Magic users were a pain the ass to play at the start too, although to be fair, they did open up massively in the late game. Spellmaker is deliciously broken with enough skill and gold.
Mages were fun up until the point where every creature had some sort of reflect spell

Fighting deadra was a fucking nightmare
Spell absorb can catch reflected spells. Also, if you cast a DOT, then you won't kill yourself - you can just heal to negate it. Most creatures don't have a heal, so DOTs are quite effective.
 

BrawlMan

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Far Cry Instincts - Compared to FC1, while slightly simpler was more fair in difficulty. Then again, Instincts was made for consoles in mind. I wish Ubisuck would re-release the game on modern (it is backwards compatible on the XONE) consoles and PC for those that missed out. Luckily for me, I kept my 360.

Mad World and Anarchy Reigns - Both are spiritual successors to God Hand. As much as I love GH, it was Resident Evil 4 as a brawler. The combat in MW and AR is more fluid and a lot less stiff in comparison. Though you don't have as many moves in Mad World, but there are creative ways to dispatch enemies. AR plays even better by adding in multiple playable characters, multiplayer (that is dead unfortunately, no thanks to Sega), and a dedicated button for blocking, dodging, and grabbing. In GH, you could only grab certain bad guys that were stunned, and can dodge only. To be fair, once you get used to all of the dodge mechanics, you realize that God Hand never need a block button.

Devil May Cry 4 - The upgrade system. You no longer have to decide between health, devil trigger, or buying new moves with red orbs. The proud soul system was made were you could buy, and get a refund on new moves, while red orbs were mainly used buying health or devil trigger upgrades. This is where the 4th installment trumps all of the other DMC titles,

Burnout Revenge - Traffic checking. I hated that they removed this in Paradise, meaning you crash in to smaller vehicles more often and lose more time.

No More Heroes 2 - Getting rid of the open world. I don't care what anyone says, I hated it. Oh, and allowing Travis to carry multiple beam katanas acquired throughout the campaign. The first game is still better in boss battles.

Killer Is Dead - The spiritual successor to NMH had the best upgrade system out of all of Grasshopper's games to date. Also, the most convenient. You could just upgrade your moves or gain new attack by pausing the menu. If enough upgrades points were acquired of course.
 
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As long as the streamlining makes the game more convenient to play, and cuts down on meaningless time wasting to allow you you to get to the actual fun parts, AND as long as it doesn't reduce the fun parts or take away from the experience, it's a good thing.

Deus Ex Human Revolution streamlined a shitton of stuff from the original game, but kept all the important or engaging things in. As a result, the game felt butter-smooth compared to the clunky jankiness that was DX1, and why I preferred it.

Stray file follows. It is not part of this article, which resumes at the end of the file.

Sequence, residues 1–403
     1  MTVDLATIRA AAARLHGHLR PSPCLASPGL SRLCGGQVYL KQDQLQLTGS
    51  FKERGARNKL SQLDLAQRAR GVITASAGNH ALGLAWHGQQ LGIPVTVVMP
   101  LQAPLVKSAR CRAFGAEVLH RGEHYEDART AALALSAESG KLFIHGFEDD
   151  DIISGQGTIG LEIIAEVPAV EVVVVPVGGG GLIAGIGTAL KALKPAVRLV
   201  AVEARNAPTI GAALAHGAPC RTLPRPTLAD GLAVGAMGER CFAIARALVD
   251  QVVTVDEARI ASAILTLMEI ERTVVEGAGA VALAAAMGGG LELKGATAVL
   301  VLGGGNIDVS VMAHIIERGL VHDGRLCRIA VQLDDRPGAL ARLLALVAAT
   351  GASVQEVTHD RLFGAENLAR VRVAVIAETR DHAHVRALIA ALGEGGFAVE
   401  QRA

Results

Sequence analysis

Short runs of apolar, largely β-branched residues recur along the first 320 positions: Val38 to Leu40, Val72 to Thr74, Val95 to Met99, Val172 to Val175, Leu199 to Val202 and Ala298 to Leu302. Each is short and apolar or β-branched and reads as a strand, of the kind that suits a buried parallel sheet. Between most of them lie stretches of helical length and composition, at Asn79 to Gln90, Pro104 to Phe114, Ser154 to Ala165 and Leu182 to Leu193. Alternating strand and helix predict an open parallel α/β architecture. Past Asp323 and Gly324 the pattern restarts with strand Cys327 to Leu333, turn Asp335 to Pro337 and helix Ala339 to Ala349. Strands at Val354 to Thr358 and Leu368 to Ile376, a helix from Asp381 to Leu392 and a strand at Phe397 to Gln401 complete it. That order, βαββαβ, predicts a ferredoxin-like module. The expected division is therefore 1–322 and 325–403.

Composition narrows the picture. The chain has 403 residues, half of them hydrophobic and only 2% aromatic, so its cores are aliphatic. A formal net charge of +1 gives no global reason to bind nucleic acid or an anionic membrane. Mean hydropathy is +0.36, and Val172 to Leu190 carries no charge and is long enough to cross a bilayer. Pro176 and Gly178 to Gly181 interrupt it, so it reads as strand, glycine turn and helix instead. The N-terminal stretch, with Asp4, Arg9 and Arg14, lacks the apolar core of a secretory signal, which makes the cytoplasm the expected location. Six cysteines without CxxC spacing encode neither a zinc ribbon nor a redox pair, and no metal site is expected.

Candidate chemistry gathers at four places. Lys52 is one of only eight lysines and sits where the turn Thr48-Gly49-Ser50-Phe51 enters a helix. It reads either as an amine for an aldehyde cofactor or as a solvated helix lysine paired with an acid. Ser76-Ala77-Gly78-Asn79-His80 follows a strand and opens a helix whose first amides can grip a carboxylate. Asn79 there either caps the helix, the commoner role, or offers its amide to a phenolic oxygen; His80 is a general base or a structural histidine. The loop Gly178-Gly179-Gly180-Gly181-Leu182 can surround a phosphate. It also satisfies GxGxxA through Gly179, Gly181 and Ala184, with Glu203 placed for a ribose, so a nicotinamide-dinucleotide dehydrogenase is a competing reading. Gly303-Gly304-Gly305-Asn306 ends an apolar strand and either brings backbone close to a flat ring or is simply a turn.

I hear you guys on the skyrim perk system and action-levelling too. It allowed me to much more easily get into my character and just "do stuff", whereas in Oblivion I had to keep messing with attributes and sudden massive power spikes instead of a gradual increase in power where I put my points, to say nothing of how frustrating it was to be using mostly long-swords and then finding an incredible axe or something as loot that I couldn't use because I only had points in longsword (I forget the situation exactly, but it was frustrating).

I did have my beefs with Skyrim (allowing us to pick a class at the start of the game to get advantages to some skills and lower others was one of the first mods I downloaded for my second run), but for all the anger over streamlining...Most of the changes just made it more fun.

Basically, if a thing is not fun, or is getting in the way of the fun, I see no problem with trimming it down to improve the fun. A lot of Game design is about "what to cut out", not just "what to put in".

Zhukov said:
All of it.

I cannot remember ever encountering an instance of streamlining that decreased my enjoyment of the game.
I can actually think of one very recently.

In my quest to keep finding the perfect space game, I tried Gemini starpoint 2. A apace game where missions are picked up at any time via the starmap, as opposed to the genre standard of picking them up at space stations (which themselves you just dock at by flying near them and then hitting the Anchor button). Which makes space stations basically superfluous unless you need to restock on heavy weapon ammo or sell goods.

And honestly...That just takes away from the experience. Docking at space stations is a core part of the whole space sim experience. It doesn't have to be in-depth like Elite, with fuel needs and requiring manual docking and stuff, but something feels lost if you can more or less ignore docking at stations.